The New Urban Agenda should position integrated spatial planning and management as a guiding principle for sustainable urban and regional development. Integrated urban development concepts should not include different levels of government (municipal, regional, national), but also different sectors and institutions, which often operate in “silos”, as well as different spatial levels (urban, peri-urban, rural). Isolated solutions and approaches must be avoided, trade-offs identified at an early stage of planning and synergies between sectors, governance levels and stakeholders fostered. Integrated spatial planning facilitates the balancing of interests and the finding of viable solutions. Strategies thus need to look at the entire metropolitan region in a holistic way.

The New Urban Agenda should establish effective monitoring, reporting and review mechanisms at the local, regional and national level. Where possible, it is advisable to streamline monitoring of the New Urban Agenda with the SDG process. The New Urban Agenda should not be a “blueprint for the city of the future” but rather provide guidelines for existing and growing small, medium, large and megacities so they can pursue their own development adapted to their specific economic, environmental, social and cultural context. The New Urban Agenda should be a universally applicable political, implementation-oriented document that motivates and mobilises member states and other relevant players to push for sustainable development at the local level.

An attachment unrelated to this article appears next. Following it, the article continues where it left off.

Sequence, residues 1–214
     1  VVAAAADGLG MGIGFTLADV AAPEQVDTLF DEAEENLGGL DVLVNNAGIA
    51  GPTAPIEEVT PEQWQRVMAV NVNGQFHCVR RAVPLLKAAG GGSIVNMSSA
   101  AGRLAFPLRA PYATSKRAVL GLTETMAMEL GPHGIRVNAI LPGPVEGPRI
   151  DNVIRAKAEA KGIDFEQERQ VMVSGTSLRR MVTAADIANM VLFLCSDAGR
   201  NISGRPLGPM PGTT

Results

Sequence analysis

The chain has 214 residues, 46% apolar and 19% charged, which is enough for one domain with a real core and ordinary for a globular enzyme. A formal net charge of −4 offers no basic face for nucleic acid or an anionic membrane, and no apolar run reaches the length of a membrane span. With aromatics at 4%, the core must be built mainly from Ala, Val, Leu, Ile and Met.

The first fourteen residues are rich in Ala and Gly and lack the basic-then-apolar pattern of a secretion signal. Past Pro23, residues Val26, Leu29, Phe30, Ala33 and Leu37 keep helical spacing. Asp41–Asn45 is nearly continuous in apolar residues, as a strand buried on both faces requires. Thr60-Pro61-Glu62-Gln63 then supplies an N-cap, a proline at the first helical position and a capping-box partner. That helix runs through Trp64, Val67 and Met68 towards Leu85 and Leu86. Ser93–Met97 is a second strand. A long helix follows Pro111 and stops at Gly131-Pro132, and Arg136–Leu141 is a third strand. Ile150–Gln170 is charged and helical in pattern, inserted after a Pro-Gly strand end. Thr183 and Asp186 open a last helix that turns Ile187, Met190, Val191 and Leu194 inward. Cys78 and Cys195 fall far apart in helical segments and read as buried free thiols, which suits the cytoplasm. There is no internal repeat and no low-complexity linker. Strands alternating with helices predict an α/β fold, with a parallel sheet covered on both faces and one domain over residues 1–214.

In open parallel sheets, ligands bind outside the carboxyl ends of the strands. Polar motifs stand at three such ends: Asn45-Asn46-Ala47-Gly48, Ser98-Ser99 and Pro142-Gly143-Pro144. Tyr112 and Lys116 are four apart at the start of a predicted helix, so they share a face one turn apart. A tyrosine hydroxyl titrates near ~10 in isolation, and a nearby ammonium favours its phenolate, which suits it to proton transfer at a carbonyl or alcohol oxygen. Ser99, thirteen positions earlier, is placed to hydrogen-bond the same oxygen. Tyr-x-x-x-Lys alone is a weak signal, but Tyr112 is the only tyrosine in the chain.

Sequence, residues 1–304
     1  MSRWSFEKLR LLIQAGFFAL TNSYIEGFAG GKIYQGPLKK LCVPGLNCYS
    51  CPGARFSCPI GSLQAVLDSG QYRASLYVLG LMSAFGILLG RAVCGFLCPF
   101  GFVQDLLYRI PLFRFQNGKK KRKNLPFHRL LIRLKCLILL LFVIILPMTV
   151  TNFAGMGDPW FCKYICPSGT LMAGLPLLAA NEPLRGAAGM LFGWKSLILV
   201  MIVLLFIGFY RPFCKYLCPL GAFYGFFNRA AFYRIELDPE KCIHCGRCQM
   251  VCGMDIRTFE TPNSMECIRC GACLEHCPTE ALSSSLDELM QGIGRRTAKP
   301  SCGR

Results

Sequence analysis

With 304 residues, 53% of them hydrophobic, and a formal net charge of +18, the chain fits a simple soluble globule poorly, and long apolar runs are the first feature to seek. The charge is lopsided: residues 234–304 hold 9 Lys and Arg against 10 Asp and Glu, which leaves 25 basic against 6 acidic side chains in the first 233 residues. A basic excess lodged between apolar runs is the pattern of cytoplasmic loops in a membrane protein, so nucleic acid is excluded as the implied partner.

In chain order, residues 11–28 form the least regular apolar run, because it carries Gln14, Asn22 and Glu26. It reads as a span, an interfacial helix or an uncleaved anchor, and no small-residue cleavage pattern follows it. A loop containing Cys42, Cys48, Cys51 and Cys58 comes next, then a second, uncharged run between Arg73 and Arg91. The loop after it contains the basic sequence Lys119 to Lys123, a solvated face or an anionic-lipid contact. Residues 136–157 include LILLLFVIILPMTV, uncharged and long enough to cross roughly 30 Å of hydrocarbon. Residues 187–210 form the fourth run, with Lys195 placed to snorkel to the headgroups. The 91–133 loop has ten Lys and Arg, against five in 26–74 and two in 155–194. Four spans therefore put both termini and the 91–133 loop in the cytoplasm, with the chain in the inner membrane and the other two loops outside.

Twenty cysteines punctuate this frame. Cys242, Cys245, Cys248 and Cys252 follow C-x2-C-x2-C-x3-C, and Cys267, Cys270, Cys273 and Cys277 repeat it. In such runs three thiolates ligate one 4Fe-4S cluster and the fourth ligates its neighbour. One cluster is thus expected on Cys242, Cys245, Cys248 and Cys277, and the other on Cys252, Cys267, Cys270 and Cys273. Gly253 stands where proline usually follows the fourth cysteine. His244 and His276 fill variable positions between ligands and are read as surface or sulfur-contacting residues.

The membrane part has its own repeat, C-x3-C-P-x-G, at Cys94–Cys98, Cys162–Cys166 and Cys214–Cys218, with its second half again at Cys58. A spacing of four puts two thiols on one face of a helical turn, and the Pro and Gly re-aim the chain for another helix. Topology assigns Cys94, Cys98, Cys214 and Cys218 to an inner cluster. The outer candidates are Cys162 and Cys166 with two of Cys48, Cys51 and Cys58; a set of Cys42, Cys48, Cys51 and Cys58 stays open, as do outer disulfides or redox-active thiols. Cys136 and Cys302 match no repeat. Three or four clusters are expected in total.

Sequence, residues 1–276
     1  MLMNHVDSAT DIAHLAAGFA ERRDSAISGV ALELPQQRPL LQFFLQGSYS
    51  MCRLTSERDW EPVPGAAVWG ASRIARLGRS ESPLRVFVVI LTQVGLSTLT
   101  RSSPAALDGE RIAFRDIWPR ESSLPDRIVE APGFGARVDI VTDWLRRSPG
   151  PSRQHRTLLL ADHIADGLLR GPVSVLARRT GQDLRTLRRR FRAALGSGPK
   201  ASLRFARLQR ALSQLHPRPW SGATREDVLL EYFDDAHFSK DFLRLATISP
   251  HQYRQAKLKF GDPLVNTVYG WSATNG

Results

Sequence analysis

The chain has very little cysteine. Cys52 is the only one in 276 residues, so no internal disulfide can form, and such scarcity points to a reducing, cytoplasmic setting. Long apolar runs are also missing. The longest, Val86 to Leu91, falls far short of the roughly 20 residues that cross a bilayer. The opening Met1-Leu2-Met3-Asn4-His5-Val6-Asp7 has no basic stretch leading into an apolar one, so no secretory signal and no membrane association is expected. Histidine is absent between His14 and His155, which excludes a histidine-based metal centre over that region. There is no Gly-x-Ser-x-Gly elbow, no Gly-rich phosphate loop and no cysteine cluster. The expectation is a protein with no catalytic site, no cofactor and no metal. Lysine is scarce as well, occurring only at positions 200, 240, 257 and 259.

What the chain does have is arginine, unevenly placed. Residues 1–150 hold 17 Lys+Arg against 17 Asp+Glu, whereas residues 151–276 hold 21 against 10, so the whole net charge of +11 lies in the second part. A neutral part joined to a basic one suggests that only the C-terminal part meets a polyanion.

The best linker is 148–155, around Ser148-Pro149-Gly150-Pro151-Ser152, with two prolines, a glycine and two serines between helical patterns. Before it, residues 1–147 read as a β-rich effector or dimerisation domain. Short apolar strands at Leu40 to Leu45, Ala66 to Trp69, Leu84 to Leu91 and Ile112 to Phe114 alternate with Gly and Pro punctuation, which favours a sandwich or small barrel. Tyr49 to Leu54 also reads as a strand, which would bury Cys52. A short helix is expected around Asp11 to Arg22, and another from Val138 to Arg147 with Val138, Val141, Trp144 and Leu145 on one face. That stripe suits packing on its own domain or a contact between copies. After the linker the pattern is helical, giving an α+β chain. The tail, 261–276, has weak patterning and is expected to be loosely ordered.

Nelson Saule Júnior Lawyer , Gereral Coordinator from Brazil
Wed, September 30, 2015 at 02.56 pm

The Global Platform is advocating for a Habitat III outcome to embrace the Right to the City principles across four core domains: